On the Road: Looking at America Through a Layer of Filth, Grime and Bug Guts

Lorraine Motel
The Lorraine Motel

We left Sun and went on to see more of Memphis. We drove down famous Beale Street and saw the tourist district. Then we turned the car toward the exit of the city. But before we got back on the interstate we made one more stop. Whereas Sun is a birthplace of sorts, the Lorraine Motel is the opposite. Have you ever heard of the Lorraine motel? Do you have any idea why they put a museum there? I can't say I knew the name of the motel before the day I visited it. I did, however, know they built a museum there to salute the life and the cause of a preacher from Alabama. The preacher's cause was equality and he had dedicated his life to the peaceful pursuit of it. His name was Martin Luther King, Jr. and on the balcony of this hotel he was shot and killed. If you're ever in Memphis check it out, pay your respects, visit the museum if you care to, or at least talk to the folks across the street, protesting the museum and calling it a "9 million dollar tourist trap scam" and also calling on passers-by to "fulfill the dream" and help others who are in need.

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I stood in the parking lot of the hotel looking up at the place where King had fell, then looking around behind me to see where the gunman might have hid. Flashes of the famous photograph with King laying on the balcony with his friends and colleagues surrounding him and one of them pointing to what I always imagined to be the direction of the shooter. Although I was very young when he was killed, and I know of him only the things that books, speeches, and documentaries can reveal, I felt a loss as I witnessed this site. It seems sometimes the only famous people I care to meet are already dead. I guess it's because you really want to meet their legacy, not the person. In death they can't disappoint. Sure somebody will come along with a tell-all book or interview designed to slander the dearly departed. Those people might even succeed in bruising the legacy for a while, but ultimately that all falls away and the legacy stands. It's easier to discard the failures of a person, after they're gone. It's easier to look past their imperfections when they aren't standing in front of you. That's a shame.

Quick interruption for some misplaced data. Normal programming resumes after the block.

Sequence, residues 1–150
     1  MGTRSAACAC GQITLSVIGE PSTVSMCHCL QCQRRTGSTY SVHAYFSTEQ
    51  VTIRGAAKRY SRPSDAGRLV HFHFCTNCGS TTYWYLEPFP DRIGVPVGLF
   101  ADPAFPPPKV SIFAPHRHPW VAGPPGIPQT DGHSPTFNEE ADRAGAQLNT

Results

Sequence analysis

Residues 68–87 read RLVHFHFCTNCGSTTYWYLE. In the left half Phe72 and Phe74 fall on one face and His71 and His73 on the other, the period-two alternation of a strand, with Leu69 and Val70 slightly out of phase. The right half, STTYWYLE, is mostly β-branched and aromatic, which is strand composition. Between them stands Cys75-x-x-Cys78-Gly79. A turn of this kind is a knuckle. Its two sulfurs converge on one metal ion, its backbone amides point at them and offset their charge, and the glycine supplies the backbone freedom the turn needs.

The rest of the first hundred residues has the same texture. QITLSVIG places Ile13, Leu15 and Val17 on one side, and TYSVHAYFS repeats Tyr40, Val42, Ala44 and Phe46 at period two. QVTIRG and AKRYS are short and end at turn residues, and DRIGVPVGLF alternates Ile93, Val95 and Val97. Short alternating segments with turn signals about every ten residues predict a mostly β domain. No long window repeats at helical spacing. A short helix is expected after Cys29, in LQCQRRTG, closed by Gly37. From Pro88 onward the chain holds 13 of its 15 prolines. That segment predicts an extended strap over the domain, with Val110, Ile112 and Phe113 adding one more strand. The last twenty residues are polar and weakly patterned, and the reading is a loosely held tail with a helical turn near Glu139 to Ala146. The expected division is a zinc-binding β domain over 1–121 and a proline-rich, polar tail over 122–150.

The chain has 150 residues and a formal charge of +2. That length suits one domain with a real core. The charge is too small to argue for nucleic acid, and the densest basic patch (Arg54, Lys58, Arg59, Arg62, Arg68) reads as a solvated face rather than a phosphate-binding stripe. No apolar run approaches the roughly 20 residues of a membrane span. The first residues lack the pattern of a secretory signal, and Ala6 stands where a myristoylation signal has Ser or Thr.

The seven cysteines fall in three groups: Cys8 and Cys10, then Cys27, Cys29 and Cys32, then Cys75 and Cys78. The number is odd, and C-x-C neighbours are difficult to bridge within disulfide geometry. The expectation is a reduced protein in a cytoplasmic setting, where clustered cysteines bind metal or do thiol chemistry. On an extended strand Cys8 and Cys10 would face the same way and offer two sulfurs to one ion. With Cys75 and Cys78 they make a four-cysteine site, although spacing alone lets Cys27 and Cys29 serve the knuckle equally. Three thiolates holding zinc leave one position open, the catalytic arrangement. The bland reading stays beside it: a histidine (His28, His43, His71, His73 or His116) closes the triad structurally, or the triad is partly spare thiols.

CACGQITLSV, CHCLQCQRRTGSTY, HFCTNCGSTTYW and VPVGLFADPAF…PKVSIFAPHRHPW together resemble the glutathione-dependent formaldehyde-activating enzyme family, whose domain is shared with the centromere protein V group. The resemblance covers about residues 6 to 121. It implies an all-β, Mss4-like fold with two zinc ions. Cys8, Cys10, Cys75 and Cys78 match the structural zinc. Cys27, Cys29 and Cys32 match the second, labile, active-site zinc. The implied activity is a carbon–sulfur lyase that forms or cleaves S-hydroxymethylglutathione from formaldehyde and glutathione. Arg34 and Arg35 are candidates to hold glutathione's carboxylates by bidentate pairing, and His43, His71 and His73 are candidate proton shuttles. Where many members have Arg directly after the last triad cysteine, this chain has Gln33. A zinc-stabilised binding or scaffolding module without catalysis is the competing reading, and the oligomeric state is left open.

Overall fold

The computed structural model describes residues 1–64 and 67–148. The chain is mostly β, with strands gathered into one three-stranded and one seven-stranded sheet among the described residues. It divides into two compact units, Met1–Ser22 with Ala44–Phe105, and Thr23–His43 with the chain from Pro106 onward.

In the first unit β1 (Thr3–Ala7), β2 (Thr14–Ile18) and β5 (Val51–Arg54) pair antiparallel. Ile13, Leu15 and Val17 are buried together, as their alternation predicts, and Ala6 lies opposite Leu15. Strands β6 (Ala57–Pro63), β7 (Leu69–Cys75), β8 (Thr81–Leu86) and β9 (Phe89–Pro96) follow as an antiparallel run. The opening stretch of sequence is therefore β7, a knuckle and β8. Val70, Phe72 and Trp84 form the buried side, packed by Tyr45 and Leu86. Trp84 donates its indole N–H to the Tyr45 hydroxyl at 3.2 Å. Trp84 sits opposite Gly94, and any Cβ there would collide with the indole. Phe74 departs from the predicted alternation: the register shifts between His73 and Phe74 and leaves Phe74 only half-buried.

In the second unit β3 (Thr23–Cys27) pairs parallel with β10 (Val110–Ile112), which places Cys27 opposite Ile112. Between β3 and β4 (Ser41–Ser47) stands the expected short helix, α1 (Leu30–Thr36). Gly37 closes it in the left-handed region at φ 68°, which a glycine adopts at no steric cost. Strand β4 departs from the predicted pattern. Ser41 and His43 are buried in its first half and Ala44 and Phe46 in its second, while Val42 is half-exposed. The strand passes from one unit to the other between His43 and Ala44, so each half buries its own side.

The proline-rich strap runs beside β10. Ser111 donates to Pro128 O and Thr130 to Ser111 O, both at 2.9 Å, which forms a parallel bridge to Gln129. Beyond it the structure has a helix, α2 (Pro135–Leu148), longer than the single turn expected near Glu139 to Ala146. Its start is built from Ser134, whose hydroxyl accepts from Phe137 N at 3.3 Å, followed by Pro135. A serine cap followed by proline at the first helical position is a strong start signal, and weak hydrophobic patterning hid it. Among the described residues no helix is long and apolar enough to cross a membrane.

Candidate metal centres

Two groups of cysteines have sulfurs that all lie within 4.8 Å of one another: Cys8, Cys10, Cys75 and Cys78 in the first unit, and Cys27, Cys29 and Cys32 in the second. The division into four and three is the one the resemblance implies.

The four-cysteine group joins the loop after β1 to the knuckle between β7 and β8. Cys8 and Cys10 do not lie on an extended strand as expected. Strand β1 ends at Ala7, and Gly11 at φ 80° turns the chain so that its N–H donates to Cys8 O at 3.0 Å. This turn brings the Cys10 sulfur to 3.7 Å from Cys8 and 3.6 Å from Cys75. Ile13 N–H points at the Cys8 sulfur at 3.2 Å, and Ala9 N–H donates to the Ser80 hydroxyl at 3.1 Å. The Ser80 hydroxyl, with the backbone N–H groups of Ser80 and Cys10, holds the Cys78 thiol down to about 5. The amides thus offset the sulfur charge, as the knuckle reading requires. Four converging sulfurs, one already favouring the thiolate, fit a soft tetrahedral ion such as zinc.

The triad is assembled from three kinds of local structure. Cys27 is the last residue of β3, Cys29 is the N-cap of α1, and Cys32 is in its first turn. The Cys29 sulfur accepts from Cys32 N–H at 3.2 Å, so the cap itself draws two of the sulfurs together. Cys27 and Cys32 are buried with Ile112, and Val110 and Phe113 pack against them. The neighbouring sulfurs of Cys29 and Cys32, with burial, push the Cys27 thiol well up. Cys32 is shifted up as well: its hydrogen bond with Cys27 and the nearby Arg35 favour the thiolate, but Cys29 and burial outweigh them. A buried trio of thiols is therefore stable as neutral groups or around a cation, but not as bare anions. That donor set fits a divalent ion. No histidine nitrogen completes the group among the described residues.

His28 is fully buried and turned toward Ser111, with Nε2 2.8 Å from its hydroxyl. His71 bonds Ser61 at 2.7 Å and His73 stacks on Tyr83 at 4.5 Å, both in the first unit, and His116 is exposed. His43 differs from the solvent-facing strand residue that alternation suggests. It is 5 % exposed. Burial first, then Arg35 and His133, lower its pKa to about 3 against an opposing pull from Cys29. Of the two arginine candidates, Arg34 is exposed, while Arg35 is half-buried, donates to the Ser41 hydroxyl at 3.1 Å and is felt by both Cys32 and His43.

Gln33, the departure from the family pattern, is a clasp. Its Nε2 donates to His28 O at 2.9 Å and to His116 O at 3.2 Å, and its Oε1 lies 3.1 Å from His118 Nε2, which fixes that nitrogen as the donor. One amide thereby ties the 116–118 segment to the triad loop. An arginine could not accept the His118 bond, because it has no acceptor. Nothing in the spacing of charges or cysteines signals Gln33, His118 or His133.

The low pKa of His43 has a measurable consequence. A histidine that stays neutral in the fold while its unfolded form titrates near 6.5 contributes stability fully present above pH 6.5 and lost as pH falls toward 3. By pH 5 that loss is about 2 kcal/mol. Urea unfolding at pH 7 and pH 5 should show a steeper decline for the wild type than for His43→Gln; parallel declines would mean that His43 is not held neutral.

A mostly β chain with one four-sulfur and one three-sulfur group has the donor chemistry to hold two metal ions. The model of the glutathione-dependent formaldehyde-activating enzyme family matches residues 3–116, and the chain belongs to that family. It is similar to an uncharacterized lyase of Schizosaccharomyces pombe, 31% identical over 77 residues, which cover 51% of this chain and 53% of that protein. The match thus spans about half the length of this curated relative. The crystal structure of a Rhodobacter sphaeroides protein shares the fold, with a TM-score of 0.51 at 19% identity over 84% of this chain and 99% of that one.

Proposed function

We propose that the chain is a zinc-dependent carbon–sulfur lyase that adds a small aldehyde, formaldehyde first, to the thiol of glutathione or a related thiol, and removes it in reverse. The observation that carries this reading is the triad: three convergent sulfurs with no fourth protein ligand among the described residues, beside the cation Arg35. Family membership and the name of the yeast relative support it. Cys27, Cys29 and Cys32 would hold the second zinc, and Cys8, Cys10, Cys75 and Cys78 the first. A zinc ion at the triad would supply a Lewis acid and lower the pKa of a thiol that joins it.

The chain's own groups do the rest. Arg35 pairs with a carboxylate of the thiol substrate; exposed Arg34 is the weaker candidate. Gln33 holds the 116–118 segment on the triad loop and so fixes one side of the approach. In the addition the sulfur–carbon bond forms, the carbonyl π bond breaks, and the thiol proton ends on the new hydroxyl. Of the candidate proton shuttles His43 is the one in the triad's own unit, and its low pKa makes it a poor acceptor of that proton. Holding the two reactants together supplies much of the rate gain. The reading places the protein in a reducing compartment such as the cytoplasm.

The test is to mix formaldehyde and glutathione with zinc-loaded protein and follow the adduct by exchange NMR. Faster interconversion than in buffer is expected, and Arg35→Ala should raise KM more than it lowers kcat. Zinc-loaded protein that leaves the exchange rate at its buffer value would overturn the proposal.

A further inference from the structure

We didn't go in the museum, mostly because it was getting late and we needed to hit the road. But I also didn't feel compelled to take it in. Undoubtedly I could have learned something from walking through the exhibits, but I couldn't imagine the tour adding anything more to my experience at the Lorraine Motel. The words of Abe Lincoln came to my head, and I think I finally understood the Gettysburg address. Lincoln said: "...we cannot dedicate, we cannot consecrate, we cannot hallow this ground. The brave men, living and dead who struggled here have consecrated it far above our poor power to add or detract. The world will little note nor long remember what we say here, but it can never forget what they did here. It is for us the living rather to be dedicated here to the unfinished work which they who fought here have thus far so nobly advanced."

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